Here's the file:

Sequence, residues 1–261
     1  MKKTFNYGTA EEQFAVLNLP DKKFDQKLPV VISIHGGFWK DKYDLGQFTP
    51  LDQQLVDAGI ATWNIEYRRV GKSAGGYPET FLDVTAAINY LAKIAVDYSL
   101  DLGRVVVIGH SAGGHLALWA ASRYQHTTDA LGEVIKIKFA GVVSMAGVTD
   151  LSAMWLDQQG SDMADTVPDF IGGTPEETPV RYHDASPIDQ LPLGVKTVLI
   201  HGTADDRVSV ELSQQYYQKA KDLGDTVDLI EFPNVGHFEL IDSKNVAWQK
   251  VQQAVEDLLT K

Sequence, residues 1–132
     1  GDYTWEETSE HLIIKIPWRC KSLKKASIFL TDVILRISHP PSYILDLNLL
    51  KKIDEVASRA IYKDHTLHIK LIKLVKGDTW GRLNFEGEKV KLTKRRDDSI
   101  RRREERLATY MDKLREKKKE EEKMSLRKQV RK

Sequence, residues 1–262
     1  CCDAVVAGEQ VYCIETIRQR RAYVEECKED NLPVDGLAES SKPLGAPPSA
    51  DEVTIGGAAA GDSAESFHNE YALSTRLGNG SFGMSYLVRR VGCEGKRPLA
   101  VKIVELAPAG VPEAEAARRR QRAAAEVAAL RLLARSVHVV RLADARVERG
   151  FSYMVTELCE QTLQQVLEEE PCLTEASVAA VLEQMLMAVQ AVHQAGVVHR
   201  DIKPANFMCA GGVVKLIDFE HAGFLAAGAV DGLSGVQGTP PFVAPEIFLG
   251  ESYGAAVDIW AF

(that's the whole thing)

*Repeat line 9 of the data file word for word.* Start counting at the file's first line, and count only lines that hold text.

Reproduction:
     1  GDYTWEETSE HLIIKIPWRC KSLKKASIFL TDVILRISHP PSYILDLNLL